At this juncture in our Lord’s ministry, it is easy to discern two responses to His presentation of Himself
as Messiah. One response involved opposition and rejection; the other involved faith, not only in Israel,
but in the surrounding nations. It was in this setting Christ chose the Twelve from among the multitude
of His disciples in order to commission them as apostles. “Apostle” denotes one sent with authority.
The growing work demanded more organization and training. The Twelve were to be with Him at all
times and in all places, companions in His travels, witnesses of all His work, students of His doctrines,
fellow-laborers in His practical school of experience, and finally to become in reality as now in name,
commissioned apostles of His world-wide campaign for the establishment of His church as witnesses and
ambassadors. From this time on their training would occupy a large part of the time and attention of their
The Twelve Apostles
- Peter/Cephas (Simon)
- Matthew (Levi)
- James the Son of Alphaeus (James the Less)
- Simon the Zealot (the Canaanaean)
- Judas the brother of James (Thaddaeus)
- Bartholomew (Nathanael)
- Judas Iscariot (from Kerioth, Judea)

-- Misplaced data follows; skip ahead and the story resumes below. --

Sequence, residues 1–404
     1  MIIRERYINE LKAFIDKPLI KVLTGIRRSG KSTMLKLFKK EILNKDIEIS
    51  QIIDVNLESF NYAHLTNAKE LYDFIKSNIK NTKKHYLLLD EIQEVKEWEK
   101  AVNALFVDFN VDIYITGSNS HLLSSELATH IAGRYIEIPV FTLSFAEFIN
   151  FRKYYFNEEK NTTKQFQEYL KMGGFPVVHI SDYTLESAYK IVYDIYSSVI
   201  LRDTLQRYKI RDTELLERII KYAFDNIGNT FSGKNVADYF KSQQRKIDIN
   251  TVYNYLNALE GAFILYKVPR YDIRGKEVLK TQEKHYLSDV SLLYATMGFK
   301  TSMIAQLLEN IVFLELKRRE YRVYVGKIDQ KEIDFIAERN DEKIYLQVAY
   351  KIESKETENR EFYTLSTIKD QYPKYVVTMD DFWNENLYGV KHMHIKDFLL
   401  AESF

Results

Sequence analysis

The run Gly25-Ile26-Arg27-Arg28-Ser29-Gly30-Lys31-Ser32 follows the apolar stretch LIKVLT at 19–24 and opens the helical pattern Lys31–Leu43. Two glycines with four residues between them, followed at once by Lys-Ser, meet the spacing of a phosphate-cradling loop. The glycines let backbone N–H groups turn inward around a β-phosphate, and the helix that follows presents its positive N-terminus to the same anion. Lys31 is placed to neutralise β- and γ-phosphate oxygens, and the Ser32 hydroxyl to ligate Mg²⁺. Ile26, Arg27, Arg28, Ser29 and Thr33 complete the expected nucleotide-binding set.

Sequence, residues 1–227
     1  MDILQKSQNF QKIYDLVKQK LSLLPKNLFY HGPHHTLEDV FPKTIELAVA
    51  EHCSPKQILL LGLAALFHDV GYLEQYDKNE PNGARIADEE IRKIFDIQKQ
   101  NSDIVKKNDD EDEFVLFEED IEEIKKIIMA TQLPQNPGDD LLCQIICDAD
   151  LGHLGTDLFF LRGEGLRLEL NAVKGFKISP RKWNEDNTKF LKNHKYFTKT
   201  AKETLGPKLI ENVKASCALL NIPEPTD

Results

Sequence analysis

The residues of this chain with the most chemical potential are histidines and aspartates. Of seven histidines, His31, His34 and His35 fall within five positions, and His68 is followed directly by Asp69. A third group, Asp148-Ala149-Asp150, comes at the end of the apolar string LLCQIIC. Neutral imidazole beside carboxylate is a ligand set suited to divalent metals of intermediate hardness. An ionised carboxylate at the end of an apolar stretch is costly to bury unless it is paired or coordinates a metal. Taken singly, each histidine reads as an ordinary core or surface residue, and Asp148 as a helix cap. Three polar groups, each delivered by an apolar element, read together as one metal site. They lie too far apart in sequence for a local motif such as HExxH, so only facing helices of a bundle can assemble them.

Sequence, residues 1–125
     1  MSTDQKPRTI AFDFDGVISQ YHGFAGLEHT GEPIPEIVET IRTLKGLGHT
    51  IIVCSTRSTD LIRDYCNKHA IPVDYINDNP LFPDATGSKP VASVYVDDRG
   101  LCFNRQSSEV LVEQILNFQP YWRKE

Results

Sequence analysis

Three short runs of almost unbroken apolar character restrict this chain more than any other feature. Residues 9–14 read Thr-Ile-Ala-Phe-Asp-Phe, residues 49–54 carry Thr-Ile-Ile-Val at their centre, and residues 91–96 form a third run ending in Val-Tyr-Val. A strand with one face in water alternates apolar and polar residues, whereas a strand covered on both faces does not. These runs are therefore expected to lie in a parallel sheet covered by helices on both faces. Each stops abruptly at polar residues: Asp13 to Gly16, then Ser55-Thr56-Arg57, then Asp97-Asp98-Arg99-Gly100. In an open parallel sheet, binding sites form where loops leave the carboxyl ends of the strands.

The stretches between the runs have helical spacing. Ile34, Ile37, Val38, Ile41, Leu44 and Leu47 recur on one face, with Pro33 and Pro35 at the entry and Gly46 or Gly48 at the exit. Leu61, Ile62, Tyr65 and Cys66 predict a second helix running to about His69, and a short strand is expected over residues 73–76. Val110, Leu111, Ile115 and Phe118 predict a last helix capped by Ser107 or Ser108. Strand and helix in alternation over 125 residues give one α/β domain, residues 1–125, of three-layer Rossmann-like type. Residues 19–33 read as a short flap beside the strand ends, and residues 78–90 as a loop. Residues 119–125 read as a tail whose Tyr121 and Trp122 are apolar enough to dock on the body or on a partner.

Jesus never wrote on paper; He left no printed book; instead He wrote His message upon men, and these
men were the apostles. They were His one great hope of reaching the world. Our Lord in taking this
decisive step consulted not with men but with God. After a night of prayer with His Father, He appointed
the Twelve (Luke 6:12). They were the men the Father had given Him (John 17:9). He called them
friends rather than servants (John 15:15). They were family (Matthew 12:50).
The number twelve (like the twelve sons of Jacob) suggests the nucleus of the new people of God — the
Church. With one exception, the apostles were Galileans. This very fact put a stamp upon them from the
beginning. All the prejudice that men of Judea held toward this northern community—due to difference
in dialect, occupation, attitude toward pagan life and thought, failure to produce a prophet—meant that
these disciples as well the Master they served were viewed with suspicion.
Training of the Twelve.
“Disciple” denotes a learner, a pupil. In the NT, disciple refers to one who strives to measure up to
the demands of Jesus Christ in terms of sacrificial devotion. Jesus summarizes the conditions of
discipleship in Luke 14:26-27, 33. Mere numbers meant little to Jesus. What is needed is a devoted,
intelligent following. Peter affirmed that the Twelve had made this commitment to Jesus (Luke 18:28).
Having left their various occupations, they were without a means of livelihood. But so was the Master.
He had left the carpenter shop behind even as they had left their jobs. His example taught them to be
grateful and content with such things as came to them for their daily provisions. They learned to count on
the divine preservation of their lives so that future dangers would not shake their courage and faith. How
could they ever forget the lesson of that memorable evening on the Sea of Galilee when the sudden squall
threatened to engulf their ship and sent them to the bottom? They marveled that even the wind and wave
were subject to His command. Observe in the Gospels the ways Christ formally and informally trained